The distribution of results is shown in Figure 3. We used a cutoff of 2Å to distinguish between correct and incorrect alignments. As can be seen, a significant number (around 13%) of alignments that were incorrect when unconstrained were rescued by adding the constraints – that’s a significant improvement. However, at the same time, around 3% of the alignments that we had been getting correct were made worse by adding the constraints, and it’s also apparent that there are a number of incorrect alignments which are left unchanged by the imposition of constraints. Overall the pharmacophores are a net win, especially for these kinase data sets, but it’s not a magic bullet.
Figure 3: Effect of adding pharmacophore constraints to 4 kinase alignment data sets. The alignments in the ‘Win’ section are improved by the addition of constraints, while those in the ‘Loss’ section are made incorrect.
Let’s look at a couple of examples. Figure 4 shows a case where adding hinge binder constraints converts an incorrect alignment to a correct one. The unconstrained result on the left matches the dimethoxyphenyl ring on the left and the phenol on the right very well, but at the expense of the quinazoline nitrogen which makes the hinge interaction. Adding a single acceptor constraint to that nitrogen switches the best solution to one where the indazole nitrogen satisfies the constraint, which happens to be the experimentally-observed alignment.
Figure 4: CDK2, aligning EZV to DTQ.
Similarly, in Figure 5, the best alignment in terms of raw shape and electrostatics of MTW and LZ8 is shown on the left. The 2-aminopyrimidine in MTW which makes the hinge interactions is partially matched by LZ8’s pyrazole and carbonyl, but the alignment in that part of the molecule isn’t that good. However, the alignment matches the phenyl ring in both molecules beautifully. Applying a donor/acceptor pharmacophore constraint pair forces the alignment algorithm to try and match the 2-aminopyrimidine much more closely, which leads to the correct alignment on the right. However, note that the phenyl rings are much more poorly aligned.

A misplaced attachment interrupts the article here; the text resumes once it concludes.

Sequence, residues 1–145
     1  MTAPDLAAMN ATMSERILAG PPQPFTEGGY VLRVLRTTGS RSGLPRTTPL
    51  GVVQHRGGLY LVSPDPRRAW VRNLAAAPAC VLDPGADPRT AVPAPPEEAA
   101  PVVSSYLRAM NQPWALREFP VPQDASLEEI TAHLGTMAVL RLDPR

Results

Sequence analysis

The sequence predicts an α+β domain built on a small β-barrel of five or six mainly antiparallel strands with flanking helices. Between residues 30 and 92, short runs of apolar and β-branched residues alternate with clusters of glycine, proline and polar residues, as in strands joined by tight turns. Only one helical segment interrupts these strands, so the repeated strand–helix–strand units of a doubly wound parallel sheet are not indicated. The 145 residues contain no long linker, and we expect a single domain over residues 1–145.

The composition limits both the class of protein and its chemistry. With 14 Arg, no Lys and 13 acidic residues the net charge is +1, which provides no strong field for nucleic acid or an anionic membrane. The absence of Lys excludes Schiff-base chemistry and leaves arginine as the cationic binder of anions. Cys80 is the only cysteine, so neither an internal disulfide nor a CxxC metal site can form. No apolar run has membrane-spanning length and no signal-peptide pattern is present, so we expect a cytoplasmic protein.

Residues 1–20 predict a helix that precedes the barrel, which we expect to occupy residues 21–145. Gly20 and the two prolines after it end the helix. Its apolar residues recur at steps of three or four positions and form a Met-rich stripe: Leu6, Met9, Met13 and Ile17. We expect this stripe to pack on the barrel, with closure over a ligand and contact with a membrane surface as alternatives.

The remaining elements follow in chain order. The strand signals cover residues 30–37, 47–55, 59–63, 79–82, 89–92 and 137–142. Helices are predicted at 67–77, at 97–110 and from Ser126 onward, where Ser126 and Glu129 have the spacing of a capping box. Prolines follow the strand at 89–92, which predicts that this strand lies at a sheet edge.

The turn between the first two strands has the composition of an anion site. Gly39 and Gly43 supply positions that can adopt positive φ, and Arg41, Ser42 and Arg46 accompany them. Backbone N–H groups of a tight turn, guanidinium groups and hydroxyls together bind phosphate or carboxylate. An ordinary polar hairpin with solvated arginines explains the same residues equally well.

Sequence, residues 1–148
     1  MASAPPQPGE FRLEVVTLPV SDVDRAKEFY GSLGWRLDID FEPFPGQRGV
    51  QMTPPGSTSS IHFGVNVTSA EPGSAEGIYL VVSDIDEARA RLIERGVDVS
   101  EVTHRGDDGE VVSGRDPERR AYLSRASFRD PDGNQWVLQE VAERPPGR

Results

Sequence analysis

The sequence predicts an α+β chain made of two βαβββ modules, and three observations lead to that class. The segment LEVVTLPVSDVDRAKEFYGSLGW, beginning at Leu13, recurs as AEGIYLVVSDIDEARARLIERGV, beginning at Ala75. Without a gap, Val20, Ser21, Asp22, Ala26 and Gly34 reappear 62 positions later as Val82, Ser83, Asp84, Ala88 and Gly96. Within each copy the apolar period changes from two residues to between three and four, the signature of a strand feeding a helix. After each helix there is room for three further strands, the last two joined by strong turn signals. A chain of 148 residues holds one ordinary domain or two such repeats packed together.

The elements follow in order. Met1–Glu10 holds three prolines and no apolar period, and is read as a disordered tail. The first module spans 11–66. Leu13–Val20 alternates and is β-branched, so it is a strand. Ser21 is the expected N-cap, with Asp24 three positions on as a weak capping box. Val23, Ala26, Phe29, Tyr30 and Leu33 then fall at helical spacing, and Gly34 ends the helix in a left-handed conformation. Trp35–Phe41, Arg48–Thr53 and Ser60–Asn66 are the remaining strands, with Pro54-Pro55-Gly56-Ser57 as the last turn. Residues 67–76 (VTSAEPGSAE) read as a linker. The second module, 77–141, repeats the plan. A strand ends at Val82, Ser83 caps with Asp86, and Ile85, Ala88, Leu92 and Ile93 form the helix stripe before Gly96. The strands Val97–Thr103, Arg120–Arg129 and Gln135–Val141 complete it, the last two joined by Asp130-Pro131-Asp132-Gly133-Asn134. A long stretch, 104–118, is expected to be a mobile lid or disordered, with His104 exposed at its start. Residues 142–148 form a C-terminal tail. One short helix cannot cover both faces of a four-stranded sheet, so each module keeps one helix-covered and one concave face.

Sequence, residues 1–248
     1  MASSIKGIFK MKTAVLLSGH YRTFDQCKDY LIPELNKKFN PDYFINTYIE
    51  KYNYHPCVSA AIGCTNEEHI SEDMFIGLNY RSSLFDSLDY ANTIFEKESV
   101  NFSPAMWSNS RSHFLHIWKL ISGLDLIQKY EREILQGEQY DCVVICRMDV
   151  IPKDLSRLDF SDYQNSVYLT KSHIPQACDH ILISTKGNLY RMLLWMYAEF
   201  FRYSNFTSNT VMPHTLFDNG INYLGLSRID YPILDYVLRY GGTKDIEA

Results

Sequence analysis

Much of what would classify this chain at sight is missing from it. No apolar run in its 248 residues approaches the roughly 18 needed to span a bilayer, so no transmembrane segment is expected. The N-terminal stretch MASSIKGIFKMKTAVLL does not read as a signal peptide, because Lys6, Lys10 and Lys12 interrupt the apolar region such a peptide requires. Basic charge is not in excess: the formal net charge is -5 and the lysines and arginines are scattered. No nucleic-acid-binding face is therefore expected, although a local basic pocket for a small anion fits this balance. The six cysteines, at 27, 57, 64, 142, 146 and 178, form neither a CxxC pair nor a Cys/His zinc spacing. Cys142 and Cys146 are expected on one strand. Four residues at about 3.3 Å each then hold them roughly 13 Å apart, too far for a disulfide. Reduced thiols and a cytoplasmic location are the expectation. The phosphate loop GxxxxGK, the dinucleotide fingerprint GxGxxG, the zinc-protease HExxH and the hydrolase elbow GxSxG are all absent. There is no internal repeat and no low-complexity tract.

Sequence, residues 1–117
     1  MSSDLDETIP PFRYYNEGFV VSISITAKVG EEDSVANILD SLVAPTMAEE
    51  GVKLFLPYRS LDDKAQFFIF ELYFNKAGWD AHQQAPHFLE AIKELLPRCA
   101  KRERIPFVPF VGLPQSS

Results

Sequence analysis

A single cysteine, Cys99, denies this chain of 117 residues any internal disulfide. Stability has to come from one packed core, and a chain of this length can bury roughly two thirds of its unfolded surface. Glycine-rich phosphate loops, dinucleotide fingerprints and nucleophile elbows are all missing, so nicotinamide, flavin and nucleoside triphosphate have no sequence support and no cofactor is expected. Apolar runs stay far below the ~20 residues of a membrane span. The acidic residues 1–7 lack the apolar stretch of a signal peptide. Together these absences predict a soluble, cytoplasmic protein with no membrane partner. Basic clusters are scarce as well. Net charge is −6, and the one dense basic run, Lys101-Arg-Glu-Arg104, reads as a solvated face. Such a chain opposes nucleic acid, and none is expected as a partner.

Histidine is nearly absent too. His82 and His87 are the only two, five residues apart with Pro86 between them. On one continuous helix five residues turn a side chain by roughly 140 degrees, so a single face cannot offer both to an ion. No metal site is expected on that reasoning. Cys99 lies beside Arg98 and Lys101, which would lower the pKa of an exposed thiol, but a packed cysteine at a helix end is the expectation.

Figure 5: CDK2, aligning LZ8 to MTW.
Finally, Figure 6 shows a case where adding field constraints converts a correct alignment to an incorrect one. When aligning to DTQ as the reference, as in Figure 4, the field/shape alignment gets the correct alignment for C94. However, C94 does not make the hydrogen bond to the hinge that we have constrained in the reference. The constraint coerces the alignment to be flipped so that one of the sulfonamide oxygens matches the H-bond acceptor requirement, thus forcing the wrong answer to be obtained.
Figure 6: CDK2, aligning C94 to DTQ.
Pharmacophore constraints can, as you can see, be very useful. If you know that particular interactions are required by the protein, you can provide our tools with that information to help them find the correct alignment. However, it must be kept in mind that by adding these constraints you are adding bias to the experiment: you are nudging it to provide the answers that you expect. Sometimes, the unexpected answers turn out to be correct! We recommend, therefore, that pharmacophore constraints are used sparingly. I personally will always run an unconstrained alignment experiment as a control, just to see if Forge will find an alignment that I hadn’t expected but which might illuminate a previously-puzzling piece of SAR.
So, when should you use a field constraint and when a pharmacophore constraint? The answer depends both on your requirements and on the chemistry inside the active site. If there’s a pharmacophoric interaction that you are certain must be preserved, then using a pharmacophore constraint is probably justified. However, if the interaction is not always present in the same form, a field constraint may be more appropriate. Figure 7 shows a BTK example. The ligand on the left makes two hydrogen bonds to the backbone from the indazole. We might be tempted to add pharmacophore constraints to both the donor and the acceptor, except that there are known highly-active ligands which make a C-H hydrogen bond instead (see the ligand on the right). As a result, it is probably more appropriate, if constraints are required, to add a pharmacophore constraint to the acceptor nitrogen, but use a field constraint to indicate a donor preference in the NH/CH location.
Figure 7: BTK ligands – which constraint type should I use?
Pharmacophore constraints are now available in all Cresset ligand-based computational chemistry applications:
- Forge: Powerful ligand-focused suite for understanding SAR and design
- Torch: Molecular design and SAR for medicinal and synthetic chemists
- Spark: Discover new directions for your project using bioisosteres
- Blaze: Effective virtual screening optimized to return diverse new structures
Request an evaluation and try them yourself.